Last updateWed, 20 Sep 2017 9am

Your Health

Avoiding the annual pitfalls of holiday overindulgence


The season for gluttony has begun and, as your resident fitness experts, we want to encourage you to enjoy it.

Thanksgiving is a time to celebrate the earth’s bounty and be grateful that we live in a world of plenty, not to feel guilty about eating a piece of pumpkin pie.

The good news: Amid the holiday hustle and bustle, people typically sit down to share meals, which benefits overall health and well-being.

The bad news: Routine is disrupted, daily life stress escalates, social engagements involving food and libations are popular and taking care of oneself is easily overlooked.

To simplify, and hopefully maximize, this festive time of year, following are tips and reminders that may come in handy.

• Get a good night’s sleep. Never underestimate the impact of good rest on mood and efficiency. Although 11 p.m. might seem like the only time you can prepare this or wrap that, a solid night’s sleep will afford you the stamina to continue the pace.

• Stay hydrated. Regular consumption of water is not only good for overall health, it also increases the sensation of fullness, making you less inclined to reach for goodies that might cross your path. Carry a water bottle with you when you are out and about.

• Enjoy the goodies. Rather than thinking, “I can’t have this” or “I shouldn’t have that,” go ahead and indulge – in moderation. Have a taste of tempting treats, but do so mindfully – savor them. Much like a new article of clothing or a gadget that you covet and look forward to owning, holiday treats should be special and not taken for granted.

• Look out for your own best interests. Keep quick, healthful snacks on hand. It’s virtually impossible to live through the holidays without feeling overwhelmed, so plan for it. Store a bag of nuts and some beef jerky in the car. Stock the house with fruits and veggies so that you can grab something on the fly. Package leftovers in individual containers so that one-pot meals are ready to go. When bringing a dish to a gathering, make something you’ll feel good about eating, as you can bet safely that others will bring sweets. If attending an open house or cocktail party, eat something nutritious before heading out.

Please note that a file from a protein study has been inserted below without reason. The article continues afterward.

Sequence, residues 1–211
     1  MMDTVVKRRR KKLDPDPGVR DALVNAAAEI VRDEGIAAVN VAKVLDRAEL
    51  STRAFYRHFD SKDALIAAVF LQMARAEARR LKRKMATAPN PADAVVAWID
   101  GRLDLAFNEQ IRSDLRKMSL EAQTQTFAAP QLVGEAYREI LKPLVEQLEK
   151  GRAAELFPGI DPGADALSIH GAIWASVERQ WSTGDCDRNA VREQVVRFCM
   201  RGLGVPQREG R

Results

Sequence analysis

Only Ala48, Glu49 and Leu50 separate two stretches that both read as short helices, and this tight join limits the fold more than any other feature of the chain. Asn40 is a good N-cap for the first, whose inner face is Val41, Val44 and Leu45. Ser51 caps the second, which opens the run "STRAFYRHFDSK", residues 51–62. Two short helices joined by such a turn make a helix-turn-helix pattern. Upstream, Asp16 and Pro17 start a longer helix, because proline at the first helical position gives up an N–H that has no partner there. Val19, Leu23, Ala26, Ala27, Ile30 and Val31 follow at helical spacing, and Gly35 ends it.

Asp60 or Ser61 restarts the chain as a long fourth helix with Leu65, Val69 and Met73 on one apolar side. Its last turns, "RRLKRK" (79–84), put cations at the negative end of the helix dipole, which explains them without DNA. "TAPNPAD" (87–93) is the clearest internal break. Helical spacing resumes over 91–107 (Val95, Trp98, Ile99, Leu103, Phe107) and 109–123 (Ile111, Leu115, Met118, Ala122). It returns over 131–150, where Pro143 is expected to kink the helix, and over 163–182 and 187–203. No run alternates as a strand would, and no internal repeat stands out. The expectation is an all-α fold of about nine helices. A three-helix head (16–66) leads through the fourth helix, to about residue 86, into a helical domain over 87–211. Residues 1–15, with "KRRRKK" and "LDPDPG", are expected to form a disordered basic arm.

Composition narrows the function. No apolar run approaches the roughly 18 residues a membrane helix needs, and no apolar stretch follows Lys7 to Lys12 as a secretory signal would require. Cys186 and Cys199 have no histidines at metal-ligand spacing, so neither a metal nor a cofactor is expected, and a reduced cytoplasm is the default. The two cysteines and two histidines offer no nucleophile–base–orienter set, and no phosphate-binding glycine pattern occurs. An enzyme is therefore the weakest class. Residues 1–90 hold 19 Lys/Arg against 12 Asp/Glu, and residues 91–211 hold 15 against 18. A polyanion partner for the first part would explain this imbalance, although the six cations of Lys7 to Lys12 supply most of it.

• Remove the food – or remove yourself from it. The longer food is available, the more likely you are to eat it. Most people enjoy interacting around the table, but no one likes the discomfort that accompanies overeating. Clear the food off the table or move the gathering.

• Ensure that the good food is truly good. Seek out heritage, organic and/or sustainable turkey. Not only are these birds more flavorful, they are also better for you. Find a local supplier by visiting www.eatwellguide.org/search/advanced/. Locally, try Whole Foods Market. When possible, stick to local, seasonal produce. If you belong to a community-supported agriculture co-op, you can request extra items, but beware that even farmers may take time off for the holidays, so place your order early. The Mountain View and Palo Alto farmers’ markets run year-round – they get crowded the week of a holiday, so plan in advance.

• Lighten up. Instead of using low-calorie substitutes, try nutrient-dense alternatives. Rather than traditional mashed potatoes, make a cauliflower mash. Forgo the usual stuffing recipe for one made with vegetables, squash and/or beans. Serve crudités along with appetizers and fresh fruit along with dessert.

• Take time out. As easy as it is to get swept up in the excitement, the key to surviving the holidays with your sanity intact is to take a few moments to yourself every day to reflect and relax. Go for a walk, sit in a quiet room, take a few deep breaths.

Don’t let the holidays pass by in a flurry of events and activities. Enjoy your connections with others, savor the lights and the delights of the season and be grateful for the gifts in your life.

Tracey Downing is trainer and director at FIT, 600 Rancho Shopping Center, Los Altos. For more information, call 947-9831.

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